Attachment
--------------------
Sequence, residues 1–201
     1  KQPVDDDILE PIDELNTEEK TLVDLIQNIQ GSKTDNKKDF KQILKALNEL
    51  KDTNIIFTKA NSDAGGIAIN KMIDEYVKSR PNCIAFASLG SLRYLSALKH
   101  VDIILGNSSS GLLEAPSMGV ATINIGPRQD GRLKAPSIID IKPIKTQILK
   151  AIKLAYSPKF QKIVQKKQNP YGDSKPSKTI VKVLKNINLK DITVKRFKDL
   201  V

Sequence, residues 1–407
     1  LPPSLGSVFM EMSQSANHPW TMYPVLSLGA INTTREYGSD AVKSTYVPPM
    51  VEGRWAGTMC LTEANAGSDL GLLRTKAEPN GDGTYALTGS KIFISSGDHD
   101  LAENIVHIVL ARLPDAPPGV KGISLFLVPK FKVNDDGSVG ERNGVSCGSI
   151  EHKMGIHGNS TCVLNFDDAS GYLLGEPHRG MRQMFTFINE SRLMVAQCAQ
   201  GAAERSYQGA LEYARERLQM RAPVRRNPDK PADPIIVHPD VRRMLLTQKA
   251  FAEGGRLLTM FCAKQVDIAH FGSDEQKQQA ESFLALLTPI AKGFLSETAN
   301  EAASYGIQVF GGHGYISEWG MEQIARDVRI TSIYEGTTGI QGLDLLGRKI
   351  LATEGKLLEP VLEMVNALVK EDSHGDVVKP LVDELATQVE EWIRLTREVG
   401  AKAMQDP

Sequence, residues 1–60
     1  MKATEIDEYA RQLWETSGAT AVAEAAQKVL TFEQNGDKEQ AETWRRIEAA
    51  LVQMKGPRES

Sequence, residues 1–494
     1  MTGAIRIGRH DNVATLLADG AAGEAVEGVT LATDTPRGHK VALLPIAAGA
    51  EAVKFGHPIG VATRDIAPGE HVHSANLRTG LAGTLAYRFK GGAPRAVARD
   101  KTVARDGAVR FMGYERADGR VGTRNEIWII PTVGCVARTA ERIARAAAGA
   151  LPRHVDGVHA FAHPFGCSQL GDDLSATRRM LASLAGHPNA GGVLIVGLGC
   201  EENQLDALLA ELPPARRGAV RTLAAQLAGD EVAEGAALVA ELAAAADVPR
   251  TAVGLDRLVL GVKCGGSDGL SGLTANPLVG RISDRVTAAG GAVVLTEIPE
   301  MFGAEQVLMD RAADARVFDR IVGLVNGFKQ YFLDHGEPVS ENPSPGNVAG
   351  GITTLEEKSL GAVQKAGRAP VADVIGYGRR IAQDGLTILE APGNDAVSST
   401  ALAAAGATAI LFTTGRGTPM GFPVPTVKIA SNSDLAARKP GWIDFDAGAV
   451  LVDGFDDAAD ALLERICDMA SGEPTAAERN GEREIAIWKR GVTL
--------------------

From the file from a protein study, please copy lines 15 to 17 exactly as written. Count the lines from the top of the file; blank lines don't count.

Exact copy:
   351  LATEGKLLEP VLEMVNALVK EDSHGDVVKP LVDELATQVE EWIRLTREVG
   401  AKAMQDP

Sequence, residues 1–60